Basick Records is home to a number of progressively-minded heavy bands, and is a home-grown, UK label. It’s been home to acts like Enter Shikari, the sky-tearing Ion Dissonance, Blotted Science, The Algorithm, and in this instance, Bad Sign.

‘Square 1’, their new single, is a more temperate, though no less meaty, extension of the bands’ own sound. While it is not unheard of for bands to wane in aggression as they age, here that is not the case. Watching their older material like ‘Rebuild’, ‘Confession’, ‘Intermission’ and ‘Closure’, it seems like Bad Sign are becoming what they desire to be. While earlier material reminded me of Tool – and their guitar tone of Pelican – those big, hooky vocals and allusions to faith-orientated matters gave the whole thing a different feeling.

I can imagine this going down especially well live, heavy as it is without being crushing. I have to mention the close-harmony singing as the song closes in on its third minute, which in itself points to an interesting and possible direction for the band. It would be nice to see them running further with their template, which, while hardly orthodox, feels like it is in a constant state of development. It is almost as though the band have written their material to suit their ability, something that sells them a little bit short.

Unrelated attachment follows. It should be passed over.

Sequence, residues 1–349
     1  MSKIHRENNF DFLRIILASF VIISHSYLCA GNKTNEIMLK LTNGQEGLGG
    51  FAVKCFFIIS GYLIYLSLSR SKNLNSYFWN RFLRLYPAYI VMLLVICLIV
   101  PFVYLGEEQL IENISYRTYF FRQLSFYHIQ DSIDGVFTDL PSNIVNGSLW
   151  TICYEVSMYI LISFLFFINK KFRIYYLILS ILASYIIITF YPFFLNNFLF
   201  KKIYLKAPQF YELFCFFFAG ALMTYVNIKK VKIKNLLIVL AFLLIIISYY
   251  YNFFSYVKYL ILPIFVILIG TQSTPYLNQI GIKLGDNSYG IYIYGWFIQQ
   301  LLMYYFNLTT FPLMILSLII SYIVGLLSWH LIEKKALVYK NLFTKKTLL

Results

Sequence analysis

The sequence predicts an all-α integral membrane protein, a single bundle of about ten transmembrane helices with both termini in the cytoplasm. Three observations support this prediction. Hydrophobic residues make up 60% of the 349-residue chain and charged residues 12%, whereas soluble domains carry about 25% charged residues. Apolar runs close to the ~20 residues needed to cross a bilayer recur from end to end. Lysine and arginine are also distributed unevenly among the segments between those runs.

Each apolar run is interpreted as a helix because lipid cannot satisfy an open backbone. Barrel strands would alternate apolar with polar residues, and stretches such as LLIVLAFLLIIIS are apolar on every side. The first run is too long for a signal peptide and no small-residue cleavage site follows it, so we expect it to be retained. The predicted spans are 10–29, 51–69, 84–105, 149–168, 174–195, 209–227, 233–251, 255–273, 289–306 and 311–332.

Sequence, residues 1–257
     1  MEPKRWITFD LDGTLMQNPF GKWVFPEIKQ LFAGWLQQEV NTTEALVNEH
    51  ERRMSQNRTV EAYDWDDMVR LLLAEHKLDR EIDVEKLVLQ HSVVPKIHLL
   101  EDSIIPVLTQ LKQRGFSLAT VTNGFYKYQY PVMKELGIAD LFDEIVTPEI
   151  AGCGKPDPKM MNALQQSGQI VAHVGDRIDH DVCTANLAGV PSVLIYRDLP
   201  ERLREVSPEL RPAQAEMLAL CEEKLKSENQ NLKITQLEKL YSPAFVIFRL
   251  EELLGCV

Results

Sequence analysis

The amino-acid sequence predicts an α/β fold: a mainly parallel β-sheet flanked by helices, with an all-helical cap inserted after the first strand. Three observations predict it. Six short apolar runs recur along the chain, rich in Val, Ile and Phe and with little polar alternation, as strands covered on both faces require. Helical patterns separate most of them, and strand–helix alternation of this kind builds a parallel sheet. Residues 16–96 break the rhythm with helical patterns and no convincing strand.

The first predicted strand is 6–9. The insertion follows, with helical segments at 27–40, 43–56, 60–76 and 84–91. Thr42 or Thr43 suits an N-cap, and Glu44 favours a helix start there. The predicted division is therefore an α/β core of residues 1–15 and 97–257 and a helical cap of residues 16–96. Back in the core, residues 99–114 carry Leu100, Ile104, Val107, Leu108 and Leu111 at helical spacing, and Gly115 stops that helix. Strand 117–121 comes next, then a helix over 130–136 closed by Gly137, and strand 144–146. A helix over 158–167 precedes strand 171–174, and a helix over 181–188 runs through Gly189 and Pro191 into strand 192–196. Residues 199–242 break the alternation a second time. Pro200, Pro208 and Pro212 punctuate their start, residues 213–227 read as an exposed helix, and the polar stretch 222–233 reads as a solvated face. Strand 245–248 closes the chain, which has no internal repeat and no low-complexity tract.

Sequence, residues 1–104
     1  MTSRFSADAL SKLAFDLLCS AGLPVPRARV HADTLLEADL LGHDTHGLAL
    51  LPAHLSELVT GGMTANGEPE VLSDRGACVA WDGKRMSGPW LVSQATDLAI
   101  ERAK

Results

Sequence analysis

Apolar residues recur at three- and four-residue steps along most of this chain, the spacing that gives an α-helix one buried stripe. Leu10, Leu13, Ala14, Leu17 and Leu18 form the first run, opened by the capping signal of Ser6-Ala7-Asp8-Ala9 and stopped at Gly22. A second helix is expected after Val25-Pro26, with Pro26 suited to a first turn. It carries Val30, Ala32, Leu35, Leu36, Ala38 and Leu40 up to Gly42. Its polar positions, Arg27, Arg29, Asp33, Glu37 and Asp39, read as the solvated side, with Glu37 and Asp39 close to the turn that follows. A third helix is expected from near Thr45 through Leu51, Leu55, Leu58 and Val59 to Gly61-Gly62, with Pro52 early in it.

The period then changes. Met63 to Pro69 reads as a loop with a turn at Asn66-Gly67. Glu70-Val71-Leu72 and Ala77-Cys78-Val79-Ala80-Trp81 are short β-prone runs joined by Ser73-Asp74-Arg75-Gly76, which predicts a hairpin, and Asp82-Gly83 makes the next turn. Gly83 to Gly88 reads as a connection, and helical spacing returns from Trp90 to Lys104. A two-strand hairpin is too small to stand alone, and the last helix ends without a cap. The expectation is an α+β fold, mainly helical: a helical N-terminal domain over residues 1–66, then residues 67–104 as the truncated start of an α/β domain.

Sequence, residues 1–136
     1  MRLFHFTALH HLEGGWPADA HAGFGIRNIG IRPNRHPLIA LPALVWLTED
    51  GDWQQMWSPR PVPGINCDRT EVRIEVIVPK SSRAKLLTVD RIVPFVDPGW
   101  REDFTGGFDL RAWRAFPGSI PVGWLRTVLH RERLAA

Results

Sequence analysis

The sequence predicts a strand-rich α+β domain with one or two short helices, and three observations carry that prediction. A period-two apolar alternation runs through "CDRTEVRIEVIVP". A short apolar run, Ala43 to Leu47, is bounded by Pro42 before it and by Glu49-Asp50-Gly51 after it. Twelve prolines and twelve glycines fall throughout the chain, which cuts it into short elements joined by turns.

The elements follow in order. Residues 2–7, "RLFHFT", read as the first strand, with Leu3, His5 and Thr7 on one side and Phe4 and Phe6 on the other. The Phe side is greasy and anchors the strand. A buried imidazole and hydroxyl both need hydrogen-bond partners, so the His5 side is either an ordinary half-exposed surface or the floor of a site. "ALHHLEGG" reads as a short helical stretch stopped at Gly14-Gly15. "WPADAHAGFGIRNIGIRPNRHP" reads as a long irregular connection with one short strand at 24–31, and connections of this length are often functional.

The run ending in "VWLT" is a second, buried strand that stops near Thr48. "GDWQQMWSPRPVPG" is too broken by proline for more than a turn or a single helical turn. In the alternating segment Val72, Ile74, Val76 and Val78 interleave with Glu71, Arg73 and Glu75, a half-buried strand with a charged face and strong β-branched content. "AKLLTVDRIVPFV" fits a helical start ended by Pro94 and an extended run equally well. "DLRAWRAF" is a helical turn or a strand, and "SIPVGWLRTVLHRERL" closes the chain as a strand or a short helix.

Listening to this single in the company of its older brothers and sisters, I get the feeling that there’s so much more to come out of Bad Sign, and that in time, they will produce a truly killer record. No faint praise or wishy-washiness here; if they stick to their guns and hone what’s here, they will naturally blossom into a serious, brick-hard contender, something I would love to see.

Review: Blood Command – Cult Drugs

Originally published by Fortitude Magazine.


Norway is a place with a defiant, intriguing musical history. Home to some intense conduct in the shape of Kvelertak, Darkthrone, and Tiger Fysisk Format labelmates Jagged Vision, as well as pop alumni A-ha, it seems both meet and right that a band such as Blood Command would rise from this forest-y, frozen land.